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July 19, 2014

Dining Al Fresco: Scott Hallsworth

Ahead of His Stint at Wilderness Festival, the Kurobuta Chef on Barbecuing to Stay Cool

I’ll barbecue in any weather; I’ve even done it in the Alps in winter. It’s probably to do with my upbringing because I’m from Western Australia where we had to barbecue a lot. I say ‘had to’ because I grew up in a little town that got stinking hot in summer, and our house had no air con. We only had a really old-fashioned combustion stove, which meant we had to build a fire to cook. If you wanted a hot dinner and the stove was lit, no one could bear to be inside; honestly, the house turned into a sauna. So instead, mum would prep a salad out of something growing in the garden, and we’d sit outside and light the barbecue. It was a bit more caveman than I’d like, but it was a case of do or die.

My Wilderness Festival menu is made up of dishes that started off as ideas and have evolved over time. I thought they’d be good ones to use for the festival because I’ve done food in so many weird locations around the world, and I think it’s a very cool thing to bring Japanese cuisine, or my version of it, to that kind of setting. For Wilderness, it’s really all down to the preparation: we’ll do all the hard work back at the restaurant, like the slow cooking and the marinating, so that when it comes to serving, it’ll just be a matter of doing a couple of bits and pieces, and bang, it’s gone.

The chef's Wilderness menu

Roasted scallops with yuzu truffle egg sauce and yuzu tobiko
BBQ pork belly in steamed buns with spicy peanut soy
Nasu dengaku sticky miso grilled aubergine with candied walnuts
Black pepper soft shell crab tempura
Flamed edamame with sake, lemon, butter and maldon salt
Yellowtail sashimi with kizami wasabi salsa and yuzu soy

Scott Hallsworth will be at the Wilderness Festival in Oxfordshire, UK, on Friday August 8.

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Spotlight

Dinner Musings

Acclaimed Author and Critic Stephen Bayley Hails the Sophistication of No-Frills Eating

As 2013 kicks off a proliferation of new gastronomic trends, the question is not simply where to dine, but how to dine—and British design critic and cultural commentator Stephen Bayley responds with a personal morsel of culinary philosophy written exclusively for NOWNESS. One of the UK’s most authoritative voices on contemporary aesthetics, Bayley is a Contributing Editor at GQ and has authored more than a dozen books including Taste: The Secret Meaning of Things, Sex: A Cultural History, A Dictionary of Idiocy, and his latest release, Ugly: The Aesthetics Of Everything. As a food-and-wine enthusiast he also appears regularly in Vanity Fair, The Financial Times, and The Daily Telegraph. His thoughts on the future of dining are here accompanied by an illustration courtesy of Toronto-based Frank Viva, who regularly drafts covers for The New Yorker:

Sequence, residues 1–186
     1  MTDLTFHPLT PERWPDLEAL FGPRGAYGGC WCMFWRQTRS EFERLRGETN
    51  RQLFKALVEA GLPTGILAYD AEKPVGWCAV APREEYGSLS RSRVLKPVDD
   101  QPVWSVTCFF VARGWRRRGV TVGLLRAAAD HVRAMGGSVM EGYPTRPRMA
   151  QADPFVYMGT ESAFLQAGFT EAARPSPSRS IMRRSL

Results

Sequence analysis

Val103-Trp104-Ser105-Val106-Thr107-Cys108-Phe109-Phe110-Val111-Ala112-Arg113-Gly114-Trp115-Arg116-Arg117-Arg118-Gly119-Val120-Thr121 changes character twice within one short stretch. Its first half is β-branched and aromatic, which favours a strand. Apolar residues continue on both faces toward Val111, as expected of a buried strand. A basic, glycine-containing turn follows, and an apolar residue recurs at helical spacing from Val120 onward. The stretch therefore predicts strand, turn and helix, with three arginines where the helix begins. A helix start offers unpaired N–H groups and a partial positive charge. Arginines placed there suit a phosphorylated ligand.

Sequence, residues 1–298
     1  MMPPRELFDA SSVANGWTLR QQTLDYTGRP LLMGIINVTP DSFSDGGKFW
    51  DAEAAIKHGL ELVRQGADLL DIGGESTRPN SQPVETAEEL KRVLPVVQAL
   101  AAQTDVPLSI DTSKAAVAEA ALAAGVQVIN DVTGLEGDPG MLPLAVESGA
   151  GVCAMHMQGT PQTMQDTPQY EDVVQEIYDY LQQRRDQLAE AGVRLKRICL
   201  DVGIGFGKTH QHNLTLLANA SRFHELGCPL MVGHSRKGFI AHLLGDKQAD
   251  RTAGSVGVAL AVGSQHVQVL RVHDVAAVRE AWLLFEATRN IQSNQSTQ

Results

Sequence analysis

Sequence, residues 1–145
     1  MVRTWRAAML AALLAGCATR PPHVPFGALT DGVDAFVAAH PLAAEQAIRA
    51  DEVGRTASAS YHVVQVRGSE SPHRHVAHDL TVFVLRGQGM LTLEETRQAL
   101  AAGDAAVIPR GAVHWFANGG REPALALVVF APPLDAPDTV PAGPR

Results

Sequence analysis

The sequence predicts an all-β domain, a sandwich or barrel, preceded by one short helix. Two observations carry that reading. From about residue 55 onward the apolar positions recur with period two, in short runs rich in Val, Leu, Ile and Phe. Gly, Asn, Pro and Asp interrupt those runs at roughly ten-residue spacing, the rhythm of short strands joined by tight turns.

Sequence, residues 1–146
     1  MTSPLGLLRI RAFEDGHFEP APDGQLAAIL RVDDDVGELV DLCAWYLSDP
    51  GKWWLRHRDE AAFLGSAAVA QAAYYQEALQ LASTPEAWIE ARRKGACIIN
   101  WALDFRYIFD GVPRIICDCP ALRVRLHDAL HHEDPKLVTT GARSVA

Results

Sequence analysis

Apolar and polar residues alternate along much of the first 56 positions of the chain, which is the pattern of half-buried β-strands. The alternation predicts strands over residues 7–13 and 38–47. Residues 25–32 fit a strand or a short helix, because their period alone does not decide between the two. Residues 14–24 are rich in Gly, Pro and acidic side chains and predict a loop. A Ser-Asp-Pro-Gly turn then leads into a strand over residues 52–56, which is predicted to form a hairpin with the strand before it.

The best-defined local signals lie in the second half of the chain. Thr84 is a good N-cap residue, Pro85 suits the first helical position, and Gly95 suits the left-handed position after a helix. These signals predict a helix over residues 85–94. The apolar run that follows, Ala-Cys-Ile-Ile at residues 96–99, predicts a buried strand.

Dinner Musings:

“Restaurant” is an idea whose time has gone. But it has had a good run since the concept of serving food to complete strangers emerged just after the French Revolution, when chefs dispossessed of their roles in country houses looked for work in Paris. Only people with severe psychological problems nowadays want fawning service by paramilitary regiments of liveried flunkies and all the preposterous cloche-lifting and crumb-sweeping and bowing and scraping that go with it.

The more sophisticated you are, the less likely you are to want the faux-sophistication of a traditional restaurant. You will prefer a dive, a burger stand, a bodega, a bacaro, a cervezeria or a winkle stall. Obviously, no one wants to eat filth, but style and success in the matter of eating out are matters of social competition and cultural modeling, not gastronomy or nutrition.

Thus, Russell Norman’s Polpo formula is exactly right for the tenor of the times. The Beak Street, London, HQ has been roaring since it opened three years ago. The food is cleverly conceived, but, to be honest, a bit erratic in its execution. Service is charming, but hopeless. And I always go back. That Russell Norman came from a family involved in architectural salvage and once taught drama are significant. The Polpo interior is high-concept crud, but achieves an intimate theatricality, which is endlessly attractive. It doesn’t feel like a laboratory. It feels like a party.